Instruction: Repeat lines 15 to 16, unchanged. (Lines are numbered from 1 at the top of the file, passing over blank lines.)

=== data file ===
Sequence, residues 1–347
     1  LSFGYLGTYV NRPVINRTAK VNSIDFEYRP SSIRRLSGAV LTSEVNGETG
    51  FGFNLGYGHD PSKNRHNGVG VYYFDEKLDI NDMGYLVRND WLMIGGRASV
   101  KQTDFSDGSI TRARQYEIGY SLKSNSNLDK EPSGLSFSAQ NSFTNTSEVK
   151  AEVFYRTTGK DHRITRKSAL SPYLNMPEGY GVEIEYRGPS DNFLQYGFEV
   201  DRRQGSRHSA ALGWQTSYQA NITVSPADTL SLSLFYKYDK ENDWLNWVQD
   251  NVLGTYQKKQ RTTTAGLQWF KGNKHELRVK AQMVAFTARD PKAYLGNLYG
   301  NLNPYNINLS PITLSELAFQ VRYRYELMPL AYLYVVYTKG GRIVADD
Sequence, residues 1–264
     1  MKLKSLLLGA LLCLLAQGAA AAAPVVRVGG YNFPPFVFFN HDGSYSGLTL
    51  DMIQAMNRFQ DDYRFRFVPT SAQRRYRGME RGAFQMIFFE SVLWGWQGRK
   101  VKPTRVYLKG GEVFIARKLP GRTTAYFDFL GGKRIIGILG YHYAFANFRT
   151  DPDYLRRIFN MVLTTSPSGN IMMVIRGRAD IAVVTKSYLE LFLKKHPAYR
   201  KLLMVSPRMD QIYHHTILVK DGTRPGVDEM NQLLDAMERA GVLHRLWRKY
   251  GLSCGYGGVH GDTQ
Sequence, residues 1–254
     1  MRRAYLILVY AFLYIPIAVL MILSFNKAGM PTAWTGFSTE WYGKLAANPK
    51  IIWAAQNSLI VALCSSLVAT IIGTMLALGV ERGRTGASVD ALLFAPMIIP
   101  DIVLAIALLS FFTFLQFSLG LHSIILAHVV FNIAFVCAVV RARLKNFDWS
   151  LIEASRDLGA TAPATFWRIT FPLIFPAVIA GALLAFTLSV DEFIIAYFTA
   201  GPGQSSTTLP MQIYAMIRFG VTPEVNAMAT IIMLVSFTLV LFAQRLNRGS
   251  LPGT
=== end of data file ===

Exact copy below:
   251  GLSCGYGGVH GDTQ
Sequence, residues 1–254